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Lamb v. Holder

United States District Court, D. Columbia.

March 10, 2015

ERIC HOLDER, Defendant

For TIMOTHY ALAN LAMB, Plaintiff: Richard L. Swick, SWICK & SHAPIRO, P.C., Washington, DC.

For ERIC H. HOLDER, JR., Defendant: Marina Utgoff Braswell, LEAD ATTORNEY, U.S. ATTORNEY'S OFFICE, Civil Division, Washington, DC.


TANYA S. CHUTKAN, United States District Judge.

When the FBI terminated Plaintiff Timothy Alan Lamb (" Lamb" ), it determined he had engaged in gross misconduct, rendering Lamb ineligible to elect to continue health insurance coverage. This lawsuit arises from that determination. Lamb's first cause of action seeks judicial review of the FBI's " gross misconduct" determination. His second cause of action asserts that he was deprived of the right to continued health insurance coverage without due process in violation of the Constitution. Before the Court is Defendant's Motion to Dismiss the Complaint for lack of subject matter jurisdiction and failure to state a claim for relief. For the reasons discussed below, the Court grants Defendant's motion.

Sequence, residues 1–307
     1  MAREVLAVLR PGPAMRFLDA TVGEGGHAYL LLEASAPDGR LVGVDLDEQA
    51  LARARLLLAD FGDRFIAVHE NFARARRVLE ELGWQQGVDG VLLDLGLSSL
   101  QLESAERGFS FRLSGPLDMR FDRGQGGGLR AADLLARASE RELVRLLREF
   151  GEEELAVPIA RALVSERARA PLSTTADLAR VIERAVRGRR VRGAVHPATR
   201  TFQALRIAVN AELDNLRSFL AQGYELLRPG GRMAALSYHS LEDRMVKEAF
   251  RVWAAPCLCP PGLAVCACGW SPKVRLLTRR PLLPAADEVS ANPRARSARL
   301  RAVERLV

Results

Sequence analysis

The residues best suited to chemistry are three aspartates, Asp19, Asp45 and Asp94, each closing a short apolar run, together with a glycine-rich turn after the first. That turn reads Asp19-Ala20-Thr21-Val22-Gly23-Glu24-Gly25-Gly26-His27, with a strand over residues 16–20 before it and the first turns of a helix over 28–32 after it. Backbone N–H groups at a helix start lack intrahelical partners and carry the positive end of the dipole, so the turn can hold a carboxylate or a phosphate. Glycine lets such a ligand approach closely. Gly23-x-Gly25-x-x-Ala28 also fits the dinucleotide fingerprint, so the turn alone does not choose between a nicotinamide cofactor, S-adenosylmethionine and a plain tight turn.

Lamb was an FBI employee from October 1995 to August 2013. (Am. Compl. ¶ 6). On February 28, 2013 Lamb received a letter (the " Feb. 28 Letter" ) from the FBI's Office of Professional Responsibility (" OPR" ) proposing to dismiss Lamb based on allegations of a lack of candor, not under oath. ( Id. ¶ 8; Def. Ex. A (filed under seal)). Separate from the matters raised in the Feb. 28 Letter, Lamb received notice on April 29, 2013 of another investigation into allegedly illegal conduct which took place at least 11 years earlier. (Am. Compl. ¶ 11; Def. Ex. F (filed under seal)). This separate investigation was initiated in light of statements Lamb made in a pre-polygraph interview in which he admitted to this conduct. (Def. Ex. F (filed under seal)). Plaintiff, through counsel, submitted a written response to the Feb. 28 Letter on May 6, 2013 and appeared at a videoconference oral hearing on the matter on May 8, 2013. (Am. Compl. ¶ 10; Def. Ex. B (filed under seal)). After an interview regarding the additional set of allegations, on June 6, 2013 Lamb signed a sworn statement concerning his 2002 and 2003 conduct. ( Id. ¶ 11; Def. Ex. G (filed under seal)). He also provided an 11-page self-prepared addendum to the sworn statement in which he addressed the allegations and made specific reference to the matters raised in the Feb. 28 Letter. (Def. Ex. G (filed under seal)). Lamb alleges he was " not allowed to present a defense to the new allegations" and " was not afforded an opportunity to respond to any proposed discipline based on the new allegations." (Am. Compl. ¶ 12).